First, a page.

(I am talking about an advanced student in this example) At foot plant the back hip fires (As I teach it) against a firm front side flexed leg. The knob of the bat then initiates the movement of the bat as the hips and the bodies’ core start to rotate. The core of the body is now driving the swing. This is THE engine of the rotational swing. As the back arm starts coming around with the rotation the arm starts moving around into the slot. The arm needs to be away from the body and the hand and forearm are stacked on top of each other. If viewed from front with a tee in front of the hitter, the rear arm would be parallel to the tee. This would be as another hitting instructor who is a good friend of mine describes it. When the bat gets parallel to the ground during the swing this is the Bat Lag position.
At this point in the swing the knob of the bat should be directly perpendicular to the axis of the hitters spine. If I stopped the swing right there and took a pencil and placed in on the knob of the bat pointing towards the hitter it should be in line with the belly button. This defines a CONNECTED swing. The arms are not moving but are just holding on to the bat letting the core rotation drive the swing into contact. The other key here is holding that position as LONG as possible during the rotational portion of the swing into contact. The barrel and weight of the bat force the wrist to un-cock creating a whipping effect through the hitting zone into contact with the ball. The engine of rotation combined with the batter being connected and the wrist un-cocking is how the best hitters in the world drive the ball hard in today’s game.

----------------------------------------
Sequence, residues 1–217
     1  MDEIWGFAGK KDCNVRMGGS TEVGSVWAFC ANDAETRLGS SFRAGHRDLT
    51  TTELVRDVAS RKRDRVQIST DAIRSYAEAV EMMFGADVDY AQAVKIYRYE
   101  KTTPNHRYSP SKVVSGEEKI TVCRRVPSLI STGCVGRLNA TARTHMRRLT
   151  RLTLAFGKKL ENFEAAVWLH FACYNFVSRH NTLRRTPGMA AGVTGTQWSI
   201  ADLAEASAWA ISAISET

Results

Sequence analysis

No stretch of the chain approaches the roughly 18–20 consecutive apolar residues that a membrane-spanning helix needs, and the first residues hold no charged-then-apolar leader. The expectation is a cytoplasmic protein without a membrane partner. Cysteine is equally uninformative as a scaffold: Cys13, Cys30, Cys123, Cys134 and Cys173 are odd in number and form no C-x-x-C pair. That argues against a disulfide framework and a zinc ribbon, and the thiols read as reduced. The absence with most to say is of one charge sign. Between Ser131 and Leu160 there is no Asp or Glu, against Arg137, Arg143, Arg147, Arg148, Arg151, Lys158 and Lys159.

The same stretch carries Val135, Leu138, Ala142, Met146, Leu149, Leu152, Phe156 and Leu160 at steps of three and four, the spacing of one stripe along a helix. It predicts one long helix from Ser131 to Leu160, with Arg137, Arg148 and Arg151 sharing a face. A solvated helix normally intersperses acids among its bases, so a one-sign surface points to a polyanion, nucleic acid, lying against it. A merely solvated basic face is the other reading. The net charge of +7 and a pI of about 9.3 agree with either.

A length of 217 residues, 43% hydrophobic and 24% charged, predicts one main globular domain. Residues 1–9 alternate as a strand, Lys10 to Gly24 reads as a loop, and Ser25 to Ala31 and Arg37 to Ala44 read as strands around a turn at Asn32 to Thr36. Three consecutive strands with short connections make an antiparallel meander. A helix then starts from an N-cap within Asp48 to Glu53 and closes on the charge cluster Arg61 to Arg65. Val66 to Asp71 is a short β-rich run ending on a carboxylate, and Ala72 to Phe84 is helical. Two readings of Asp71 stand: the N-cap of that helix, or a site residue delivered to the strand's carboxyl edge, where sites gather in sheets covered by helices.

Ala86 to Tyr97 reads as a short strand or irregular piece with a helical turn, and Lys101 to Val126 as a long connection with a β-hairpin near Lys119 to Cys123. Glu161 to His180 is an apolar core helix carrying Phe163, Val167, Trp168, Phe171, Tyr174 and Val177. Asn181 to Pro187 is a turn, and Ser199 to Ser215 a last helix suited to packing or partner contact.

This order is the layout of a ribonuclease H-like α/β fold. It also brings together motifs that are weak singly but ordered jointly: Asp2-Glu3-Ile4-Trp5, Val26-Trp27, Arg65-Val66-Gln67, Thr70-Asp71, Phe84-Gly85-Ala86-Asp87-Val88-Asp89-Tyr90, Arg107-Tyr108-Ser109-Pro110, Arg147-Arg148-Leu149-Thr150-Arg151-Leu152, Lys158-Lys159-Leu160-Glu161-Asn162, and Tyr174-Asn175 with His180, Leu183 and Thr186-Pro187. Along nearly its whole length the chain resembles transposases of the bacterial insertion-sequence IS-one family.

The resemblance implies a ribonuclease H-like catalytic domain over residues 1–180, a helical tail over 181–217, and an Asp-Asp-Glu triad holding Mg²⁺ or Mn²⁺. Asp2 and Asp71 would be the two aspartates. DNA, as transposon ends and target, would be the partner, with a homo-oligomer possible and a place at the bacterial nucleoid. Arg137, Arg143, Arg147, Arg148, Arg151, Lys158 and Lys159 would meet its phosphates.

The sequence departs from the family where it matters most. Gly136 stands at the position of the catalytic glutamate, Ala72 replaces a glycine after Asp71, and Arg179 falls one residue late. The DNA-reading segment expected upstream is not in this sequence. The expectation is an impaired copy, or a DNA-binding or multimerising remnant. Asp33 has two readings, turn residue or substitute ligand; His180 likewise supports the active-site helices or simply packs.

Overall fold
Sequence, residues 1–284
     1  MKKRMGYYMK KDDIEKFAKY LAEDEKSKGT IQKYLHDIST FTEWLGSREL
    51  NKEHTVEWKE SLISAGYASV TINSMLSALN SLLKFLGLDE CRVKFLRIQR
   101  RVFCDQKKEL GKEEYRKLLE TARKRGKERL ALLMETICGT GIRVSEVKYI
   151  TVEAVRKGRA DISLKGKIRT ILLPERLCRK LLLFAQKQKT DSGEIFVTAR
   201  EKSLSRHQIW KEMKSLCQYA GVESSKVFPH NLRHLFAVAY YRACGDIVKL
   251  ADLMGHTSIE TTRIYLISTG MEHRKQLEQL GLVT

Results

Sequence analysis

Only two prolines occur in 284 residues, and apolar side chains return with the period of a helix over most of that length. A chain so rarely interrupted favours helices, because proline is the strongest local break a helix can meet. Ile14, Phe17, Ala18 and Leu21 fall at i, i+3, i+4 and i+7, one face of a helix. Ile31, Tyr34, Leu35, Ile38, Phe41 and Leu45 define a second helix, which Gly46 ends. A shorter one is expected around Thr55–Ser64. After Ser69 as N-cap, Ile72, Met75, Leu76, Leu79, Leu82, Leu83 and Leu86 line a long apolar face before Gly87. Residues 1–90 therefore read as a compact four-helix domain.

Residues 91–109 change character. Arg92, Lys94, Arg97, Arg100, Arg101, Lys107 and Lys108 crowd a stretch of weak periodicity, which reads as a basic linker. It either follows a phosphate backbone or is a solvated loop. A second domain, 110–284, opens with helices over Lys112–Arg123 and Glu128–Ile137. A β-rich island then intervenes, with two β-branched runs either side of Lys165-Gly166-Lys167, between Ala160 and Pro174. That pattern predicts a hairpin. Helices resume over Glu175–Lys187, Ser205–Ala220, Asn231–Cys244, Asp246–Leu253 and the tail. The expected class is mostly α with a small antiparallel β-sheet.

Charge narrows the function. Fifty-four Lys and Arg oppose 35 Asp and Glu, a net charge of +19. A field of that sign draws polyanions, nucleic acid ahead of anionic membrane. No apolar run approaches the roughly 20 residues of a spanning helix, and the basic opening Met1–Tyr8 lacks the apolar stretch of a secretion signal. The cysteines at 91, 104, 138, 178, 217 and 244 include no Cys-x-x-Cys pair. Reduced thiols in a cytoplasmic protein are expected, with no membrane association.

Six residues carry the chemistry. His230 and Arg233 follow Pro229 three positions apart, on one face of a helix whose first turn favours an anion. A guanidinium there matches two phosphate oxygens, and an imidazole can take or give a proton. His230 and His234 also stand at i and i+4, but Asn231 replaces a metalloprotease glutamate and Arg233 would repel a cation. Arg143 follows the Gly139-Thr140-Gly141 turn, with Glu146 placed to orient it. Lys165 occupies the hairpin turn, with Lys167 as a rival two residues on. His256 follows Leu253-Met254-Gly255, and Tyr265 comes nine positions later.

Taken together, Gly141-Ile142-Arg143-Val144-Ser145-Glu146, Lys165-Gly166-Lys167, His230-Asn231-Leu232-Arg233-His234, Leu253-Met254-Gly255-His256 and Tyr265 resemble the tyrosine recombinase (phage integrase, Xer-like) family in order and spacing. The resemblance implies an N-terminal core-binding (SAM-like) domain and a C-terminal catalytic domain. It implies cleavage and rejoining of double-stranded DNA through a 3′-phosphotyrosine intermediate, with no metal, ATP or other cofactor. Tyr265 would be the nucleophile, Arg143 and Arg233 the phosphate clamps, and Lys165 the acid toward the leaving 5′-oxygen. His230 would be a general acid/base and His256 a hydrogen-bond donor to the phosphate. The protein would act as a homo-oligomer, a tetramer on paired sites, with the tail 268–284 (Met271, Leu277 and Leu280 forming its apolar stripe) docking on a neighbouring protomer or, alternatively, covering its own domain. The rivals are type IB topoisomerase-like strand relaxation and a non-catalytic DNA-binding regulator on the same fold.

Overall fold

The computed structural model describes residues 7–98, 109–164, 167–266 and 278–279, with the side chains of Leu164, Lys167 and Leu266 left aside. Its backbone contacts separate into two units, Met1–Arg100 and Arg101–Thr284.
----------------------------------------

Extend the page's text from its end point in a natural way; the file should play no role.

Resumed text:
Disconnection – The Engine Breakers
There are many things that can occur during the course of the swing that will cause a batter to disconnect or break the box as some instructors call it. The “Box” being the front arm angle that maintains a “Set” position with the bat over the shoulder. When viewed from the front of the hitter it would appear as if they have a box formed with their arm and the bat.
- Taking the hands to the ball.
- Dropping the back elbow to the inside (Close to the body) as a first move creating Bat Drag.
- Dropping the hands then going to the ball.
- The bat not being parallel to the shoulders at contact with the ball (Created by all the above)
- Casting the hands.
- Throwing the front shoulder open too soon.
I hope this article has given you a better idea of what the term connection means in the context of the rotational swing. I strongly suggest you see a qualified hitting instructor to help you become better connected with your swing so that you too can learn to drive the ball hard to all parts of the field. That is what connection is all about in the rotational swing.
This picture shows an example of a connected swing. Arms are in the power L position and are driven by the core rotation. The bat at contact is on a slightly upward swing plane.